Processed with VSCOcam with n1 preset
Processed with VSCOcam with n1 preset

I woke this morning with that Christmas morning feeling you get when you are anticipating joy!
All week we have ART FROM THE HEART classes and I know the atmosphere at ICE will be peaceful, excited and yet strangely calm.
We do a little bit of art in every course we run and of course HEAPS of art in ART FROM THE HEART!
ART should always be from the heart. Art engages the left and right sides of the brain as children imagine, plan, organise, “feel” their way in, create and revise. I love to watch their faces as they engage in art- they GLOW and all concentration and tension issues seem to fly out the window.
Interestingly, the learning that takes place after art is ALWAYS deeper.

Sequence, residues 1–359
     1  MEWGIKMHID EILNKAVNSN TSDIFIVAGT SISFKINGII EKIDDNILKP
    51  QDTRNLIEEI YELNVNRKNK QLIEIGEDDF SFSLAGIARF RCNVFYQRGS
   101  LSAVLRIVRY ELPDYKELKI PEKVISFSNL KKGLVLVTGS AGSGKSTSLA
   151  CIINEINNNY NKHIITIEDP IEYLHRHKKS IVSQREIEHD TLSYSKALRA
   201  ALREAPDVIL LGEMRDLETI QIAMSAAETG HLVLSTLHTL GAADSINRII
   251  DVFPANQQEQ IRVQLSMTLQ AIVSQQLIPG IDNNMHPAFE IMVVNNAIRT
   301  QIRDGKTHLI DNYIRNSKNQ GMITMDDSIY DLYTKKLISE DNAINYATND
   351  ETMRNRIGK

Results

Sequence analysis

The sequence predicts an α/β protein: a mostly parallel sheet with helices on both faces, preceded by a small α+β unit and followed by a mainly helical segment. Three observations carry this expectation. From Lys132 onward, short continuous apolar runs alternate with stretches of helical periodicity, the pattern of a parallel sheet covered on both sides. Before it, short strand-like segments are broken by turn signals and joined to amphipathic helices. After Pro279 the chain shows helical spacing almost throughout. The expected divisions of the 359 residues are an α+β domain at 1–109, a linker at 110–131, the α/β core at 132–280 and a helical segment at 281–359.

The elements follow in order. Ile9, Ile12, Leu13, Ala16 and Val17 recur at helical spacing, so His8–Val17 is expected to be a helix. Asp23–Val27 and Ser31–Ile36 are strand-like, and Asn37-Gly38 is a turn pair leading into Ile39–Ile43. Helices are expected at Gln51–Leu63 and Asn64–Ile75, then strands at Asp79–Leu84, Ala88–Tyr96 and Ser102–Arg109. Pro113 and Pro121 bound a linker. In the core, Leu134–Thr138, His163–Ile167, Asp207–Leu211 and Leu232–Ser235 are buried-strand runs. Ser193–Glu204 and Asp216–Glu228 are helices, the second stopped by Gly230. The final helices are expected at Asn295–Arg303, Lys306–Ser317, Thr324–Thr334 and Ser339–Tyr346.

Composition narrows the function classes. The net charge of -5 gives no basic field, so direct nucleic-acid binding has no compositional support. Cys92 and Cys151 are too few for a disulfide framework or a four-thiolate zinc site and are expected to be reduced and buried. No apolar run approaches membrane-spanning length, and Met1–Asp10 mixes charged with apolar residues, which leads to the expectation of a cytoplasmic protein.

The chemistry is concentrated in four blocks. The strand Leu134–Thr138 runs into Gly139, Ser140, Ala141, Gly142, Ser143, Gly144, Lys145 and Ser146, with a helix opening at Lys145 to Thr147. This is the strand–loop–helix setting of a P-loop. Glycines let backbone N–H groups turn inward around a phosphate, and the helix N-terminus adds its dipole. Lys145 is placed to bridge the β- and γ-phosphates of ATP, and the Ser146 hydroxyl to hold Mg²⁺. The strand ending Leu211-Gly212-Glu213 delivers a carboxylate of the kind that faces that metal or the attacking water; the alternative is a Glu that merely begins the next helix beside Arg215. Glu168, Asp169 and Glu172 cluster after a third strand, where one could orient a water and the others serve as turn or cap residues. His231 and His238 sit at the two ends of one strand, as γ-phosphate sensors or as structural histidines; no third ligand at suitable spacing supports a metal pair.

Sure issues of low self-esteem, lack of confidence and worries about it not being perfect surface but the art time is a great place for these things to come up and be dealt with. Teachers who help kids engage in art are really not just doing art- they are helping to grow more centred, creative and self-aware people!
Should we ALL be drawing/painting/crafting?
Maybe hardened criminals and terrorists should attend daily art classes! It truly seems to make for calmer, happier children so let’s try it on some big people.
I am starting an ART FROM THE HEART pinterest board today and will be sharing lots of techniques and ideas as well as displaying kids’ work. Please follow and share some of your own creative ideas too!
Let’s make this a week where we ALL indulge in some creative practices and share.


jig 2

I have always loved jigsaw puzzles.

Children learn so much by the manipulation of shapes to create pleasing images.

Recently I watched children complete a simple, colourful jigsaw about the farm.